Venice Biennale, Day 3 (last day)

It was our second day doing the Biennale, day 1 we came in late and didn’t go see the shows. Going to the Giardini the first full day and the Arsenale the second day was totally the way to go. It was just pure luck on our end. This piece was on the walkway into the show. It pretty much says it all about the show. As Fred noted, I look through the world with this lens and have my entire life.

The Center of the Arsenale has pretty much the same artists as the day before so seeing them installed here with different work opens your eyes to each artist in a much larger way. Happy to see huge Zanele Muholi’s large photos throughout the show.

The Ed Atkins install takes about 1/2 of one area. It is quite amazing. There are videos highlighting crash course dummies, him constantly crying, sandwiches being assembled and disassembled highlighting corporate advertising. Opera costumes take over the space on racks. He depicts a pseudo-historic world of eternal ruin. Incredible.

Njideka Akunyili Crosby reflecting her experience of a Nigerian woman who at age 12 was part of the Nigerian diaspora and now lives and works in LA.

Teresa Margolles whose work reflects the tragedies of violence in Mexico. This is a dusty window with partial old posters of women people are looking for.

Jill Mulleady’s paintings of every day life depict different lives from those living on the edge to others who are ungovernable.

Nicole Eisenman’s sculptures. A new medium for her.

Neil Beloufa created video interviews with young soldiers from countries around the globe. You sat in these structures and heard their stories. I watched one from a Syrian soldier who left the countries Syrian Army and now worked for the New Syrian Army as a rocket launcher. He talks about how bad these people are yet how he has pride in his job. The leaders asked him to fire on protestors who they said were something they weren’t. These people were his family members. It as if the army’s of these places are enterprise companies paying people to work for them. Not sure how this ever changes. Extremely upsetting.

Zhanna Kadyrova works with ceramics and tiles. Here she created an entire outdoor market from flowers to vegetables to fruit. This is the meat section encouraging public interaction with the belief that the role of art is should be a commodity.

What is different at the Arsenale is the countries different pavilions bleed into each other through one building vs separate buildings. We liked this. The highlights here were the Family Album from Kosovo. During the war (1998-99) there were some photos taken of very young children that became synonymous with this war and in turn became part of the global media. The artist, Alban Muja, tracked down some of these children, now adults, to tell their stories and the impact those photos (that were out of their own control) and the war had on them.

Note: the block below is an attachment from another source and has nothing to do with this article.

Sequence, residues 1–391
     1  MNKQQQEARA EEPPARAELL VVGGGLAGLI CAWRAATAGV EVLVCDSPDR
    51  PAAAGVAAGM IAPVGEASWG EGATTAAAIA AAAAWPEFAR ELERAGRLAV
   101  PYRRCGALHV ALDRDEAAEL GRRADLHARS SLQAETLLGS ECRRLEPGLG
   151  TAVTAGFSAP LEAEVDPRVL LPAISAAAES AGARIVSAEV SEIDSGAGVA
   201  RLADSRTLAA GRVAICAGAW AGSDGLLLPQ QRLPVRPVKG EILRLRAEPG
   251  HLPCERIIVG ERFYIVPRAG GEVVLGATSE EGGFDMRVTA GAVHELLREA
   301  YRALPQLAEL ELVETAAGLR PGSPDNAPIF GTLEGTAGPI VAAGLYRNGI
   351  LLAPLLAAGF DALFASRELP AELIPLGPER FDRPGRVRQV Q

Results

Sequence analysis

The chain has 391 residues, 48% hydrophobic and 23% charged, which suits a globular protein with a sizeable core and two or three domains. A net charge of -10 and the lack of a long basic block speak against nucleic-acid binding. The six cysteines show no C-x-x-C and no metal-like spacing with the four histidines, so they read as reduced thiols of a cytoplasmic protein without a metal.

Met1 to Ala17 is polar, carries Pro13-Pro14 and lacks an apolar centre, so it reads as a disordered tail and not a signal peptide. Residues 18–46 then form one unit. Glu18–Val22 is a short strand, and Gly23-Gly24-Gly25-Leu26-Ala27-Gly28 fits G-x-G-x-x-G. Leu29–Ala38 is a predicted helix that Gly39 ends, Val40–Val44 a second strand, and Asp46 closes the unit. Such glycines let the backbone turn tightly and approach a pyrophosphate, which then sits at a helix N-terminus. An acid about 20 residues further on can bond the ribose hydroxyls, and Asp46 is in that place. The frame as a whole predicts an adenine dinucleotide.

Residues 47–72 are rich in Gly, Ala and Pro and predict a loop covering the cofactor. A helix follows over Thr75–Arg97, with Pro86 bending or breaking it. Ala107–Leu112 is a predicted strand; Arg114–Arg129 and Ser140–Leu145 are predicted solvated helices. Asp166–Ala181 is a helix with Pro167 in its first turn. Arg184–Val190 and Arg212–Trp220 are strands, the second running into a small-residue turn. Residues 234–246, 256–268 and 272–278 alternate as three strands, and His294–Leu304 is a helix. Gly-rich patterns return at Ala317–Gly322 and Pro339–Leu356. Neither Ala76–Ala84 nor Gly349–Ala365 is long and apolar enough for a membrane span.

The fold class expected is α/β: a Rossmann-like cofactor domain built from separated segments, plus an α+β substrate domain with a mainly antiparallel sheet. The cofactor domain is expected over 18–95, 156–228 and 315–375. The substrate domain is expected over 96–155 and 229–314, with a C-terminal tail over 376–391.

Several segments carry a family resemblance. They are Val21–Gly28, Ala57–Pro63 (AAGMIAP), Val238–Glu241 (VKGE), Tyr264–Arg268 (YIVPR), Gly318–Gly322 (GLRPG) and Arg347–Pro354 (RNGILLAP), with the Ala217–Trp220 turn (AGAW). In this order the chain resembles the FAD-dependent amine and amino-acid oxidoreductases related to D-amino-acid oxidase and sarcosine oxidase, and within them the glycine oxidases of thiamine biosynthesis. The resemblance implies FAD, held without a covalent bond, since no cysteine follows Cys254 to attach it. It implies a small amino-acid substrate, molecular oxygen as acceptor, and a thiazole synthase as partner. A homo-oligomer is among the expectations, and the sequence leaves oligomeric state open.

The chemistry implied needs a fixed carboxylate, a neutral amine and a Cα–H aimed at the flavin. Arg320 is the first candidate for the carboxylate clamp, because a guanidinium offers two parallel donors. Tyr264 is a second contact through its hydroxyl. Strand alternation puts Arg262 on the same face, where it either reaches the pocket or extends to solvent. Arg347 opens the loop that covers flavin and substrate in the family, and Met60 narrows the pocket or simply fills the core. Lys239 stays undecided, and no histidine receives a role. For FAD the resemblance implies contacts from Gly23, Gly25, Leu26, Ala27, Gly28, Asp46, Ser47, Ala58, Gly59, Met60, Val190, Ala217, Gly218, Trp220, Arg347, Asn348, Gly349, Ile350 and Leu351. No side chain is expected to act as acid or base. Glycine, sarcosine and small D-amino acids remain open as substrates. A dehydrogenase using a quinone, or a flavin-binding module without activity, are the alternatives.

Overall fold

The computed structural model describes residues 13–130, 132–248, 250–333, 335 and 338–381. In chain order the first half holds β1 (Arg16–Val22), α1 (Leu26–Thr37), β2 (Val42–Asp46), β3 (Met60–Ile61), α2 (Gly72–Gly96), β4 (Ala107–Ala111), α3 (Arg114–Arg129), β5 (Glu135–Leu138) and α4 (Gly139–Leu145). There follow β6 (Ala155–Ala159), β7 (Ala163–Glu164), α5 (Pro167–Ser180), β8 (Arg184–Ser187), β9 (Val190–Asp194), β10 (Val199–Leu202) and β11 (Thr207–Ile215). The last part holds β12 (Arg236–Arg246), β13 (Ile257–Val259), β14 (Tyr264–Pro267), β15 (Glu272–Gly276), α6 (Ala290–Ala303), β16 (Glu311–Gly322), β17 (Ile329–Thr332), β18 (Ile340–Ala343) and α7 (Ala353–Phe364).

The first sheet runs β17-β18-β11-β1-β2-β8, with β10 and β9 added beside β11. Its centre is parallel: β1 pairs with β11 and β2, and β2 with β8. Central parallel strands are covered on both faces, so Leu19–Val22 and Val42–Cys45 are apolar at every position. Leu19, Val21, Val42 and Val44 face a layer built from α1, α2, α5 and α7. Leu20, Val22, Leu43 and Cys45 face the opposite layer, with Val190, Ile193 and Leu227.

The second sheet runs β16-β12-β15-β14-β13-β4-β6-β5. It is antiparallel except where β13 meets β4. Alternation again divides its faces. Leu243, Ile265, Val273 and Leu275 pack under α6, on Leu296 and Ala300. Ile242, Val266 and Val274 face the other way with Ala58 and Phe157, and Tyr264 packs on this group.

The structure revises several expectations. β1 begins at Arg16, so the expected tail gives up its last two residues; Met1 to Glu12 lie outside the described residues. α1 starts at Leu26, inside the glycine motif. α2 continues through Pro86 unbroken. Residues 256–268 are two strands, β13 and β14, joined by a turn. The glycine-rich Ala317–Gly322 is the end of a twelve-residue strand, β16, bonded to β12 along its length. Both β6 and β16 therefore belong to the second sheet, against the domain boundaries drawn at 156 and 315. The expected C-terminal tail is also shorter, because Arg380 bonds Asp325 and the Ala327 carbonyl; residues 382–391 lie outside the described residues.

Island Weather from the Philippines, from curator Tessa Maria T. Guazon and exhibitor Mark O. Justiniani. These photos were endless. If you took off your shoes you could walk over multiple photos surrounded by metal enclosures showing that we are all connected and that weather there has to do with decisions we make globally.

Ghana put together a mixture of artists highlighting Freedom. This is from Lynette Yiadom-Boakye called the Mighty-Mighty Lines.

Each piece from the artist El Anatsui was also part of the Ghana installation. All of these works are done in bottle caps and copper wire.

The architecture of these buildings are really beautiful.

The Indian pavilion, called A Time for Future Of Caring, was put together like Ghana with a variety of artists. Shakuntala Kulkarni made these iron and wood outfits showing that women live with an overwhelming sense of threat. That risk and the violation of their bodies is becoming an increasing concern.

She then took photos of herself in these pieces in regular surroundings. Really powerful.

We walked around to find the Lithuanian Pavilion which was a solo show in a totally different area. It was extremely quiet in this part of Venice, a true treat.

The install is incredible. This is what the artist wrote.

Here is the installation. You walk up the stairs and see the beach below.

That was the last of our art for the day. We had some pizza which was ok not great. We went to see a local glass artist but randomly we were able to check out the entire gallery yet nobody was there. The works are beautiful. We hope to get one shipped back to the states after connecting. Massimo Micheluzzi.

And then, we went back to our hotel, took a shower (the heat was really something), got on a boat, went to the airport, flew back to Paris and landed at 10pm. This is one of the many things I love about Paris in June. It is still light out at 10pm.

Comments (Archived):

  1. awaldstein

    Boats to the airport is really cool.It is possible to get to La Guardia by water. Be super cool to do that.

    1. Gotham Gal

      It would be genius